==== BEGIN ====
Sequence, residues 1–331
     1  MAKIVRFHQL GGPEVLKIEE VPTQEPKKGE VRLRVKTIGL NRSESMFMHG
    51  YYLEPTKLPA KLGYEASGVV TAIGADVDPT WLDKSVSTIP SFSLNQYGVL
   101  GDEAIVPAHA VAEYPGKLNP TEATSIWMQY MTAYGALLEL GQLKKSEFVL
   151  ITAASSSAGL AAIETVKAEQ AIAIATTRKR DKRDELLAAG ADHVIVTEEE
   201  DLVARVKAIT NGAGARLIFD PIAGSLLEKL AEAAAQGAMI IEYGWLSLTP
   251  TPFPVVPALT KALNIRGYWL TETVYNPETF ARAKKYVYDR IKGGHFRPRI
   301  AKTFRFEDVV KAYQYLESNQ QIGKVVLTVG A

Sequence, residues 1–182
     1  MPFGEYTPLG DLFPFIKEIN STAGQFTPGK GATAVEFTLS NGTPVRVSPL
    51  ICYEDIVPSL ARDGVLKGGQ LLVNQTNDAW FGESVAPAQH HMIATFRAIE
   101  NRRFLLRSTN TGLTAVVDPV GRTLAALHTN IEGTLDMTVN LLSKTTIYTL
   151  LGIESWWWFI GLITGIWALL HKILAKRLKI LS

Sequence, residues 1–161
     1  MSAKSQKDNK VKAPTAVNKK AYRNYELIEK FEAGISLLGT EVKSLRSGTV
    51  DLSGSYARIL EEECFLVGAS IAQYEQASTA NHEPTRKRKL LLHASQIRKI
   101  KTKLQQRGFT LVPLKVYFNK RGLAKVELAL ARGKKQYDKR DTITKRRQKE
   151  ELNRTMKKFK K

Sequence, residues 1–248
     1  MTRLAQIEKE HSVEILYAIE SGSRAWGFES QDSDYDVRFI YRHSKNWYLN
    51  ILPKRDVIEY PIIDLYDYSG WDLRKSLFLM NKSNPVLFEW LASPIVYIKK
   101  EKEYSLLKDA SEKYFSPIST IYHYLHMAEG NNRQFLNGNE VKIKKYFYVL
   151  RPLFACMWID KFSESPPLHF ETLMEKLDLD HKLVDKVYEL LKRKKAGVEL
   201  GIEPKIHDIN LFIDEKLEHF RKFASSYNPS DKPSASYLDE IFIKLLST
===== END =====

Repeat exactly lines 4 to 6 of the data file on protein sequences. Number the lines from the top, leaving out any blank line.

   101  GDEAIVPAHA VAEYPGKLNP TEATSIWMQY MTAYGALLEL GQLKKSEFVL
   151  ITAASSSAGL AAIETVKAEQ AIAIATTRKR DKRDELLAAG ADHVIVTEEE
   201  DLVARVKAIT NGAGARLIFD PIAGSLLEKL AEAAAQGAMI IEYGWLSLTP